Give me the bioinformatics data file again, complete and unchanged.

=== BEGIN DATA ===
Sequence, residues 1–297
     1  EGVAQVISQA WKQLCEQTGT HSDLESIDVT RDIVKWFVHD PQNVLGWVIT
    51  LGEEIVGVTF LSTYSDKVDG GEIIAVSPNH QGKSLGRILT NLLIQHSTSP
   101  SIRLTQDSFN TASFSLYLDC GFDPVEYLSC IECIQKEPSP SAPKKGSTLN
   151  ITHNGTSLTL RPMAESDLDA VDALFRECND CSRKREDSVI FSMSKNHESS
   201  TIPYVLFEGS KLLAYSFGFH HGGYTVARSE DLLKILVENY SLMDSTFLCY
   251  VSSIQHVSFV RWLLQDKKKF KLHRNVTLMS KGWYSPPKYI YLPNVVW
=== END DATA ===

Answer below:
Sequence, residues 1–297
     1  EGVAQVISQA WKQLCEQTGT HSDLESIDVT RDIVKWFVHD PQNVLGWVIT
    51  LGEEIVGVTF LSTYSDKVDG GEIIAVSPNH QGKSLGRILT NLLIQHSTSP
   101  SIRLTQDSFN TASFSLYLDC GFDPVEYLSC IECIQKEPSP SAPKKGSTLN
   151  ITHNGTSLTL RPMAESDLDA VDALFRECND CSRKREDSVI FSMSKNHESS
   201  TIPYVLFEGS KLLAYSFGFH HGGYTVARSE DLLKILVENY SLMDSTFLCY
   251  VSSIQHVSFV RWLLQDKKKF KLHRNVTLMS KGWYSPPKYI YLPNVVW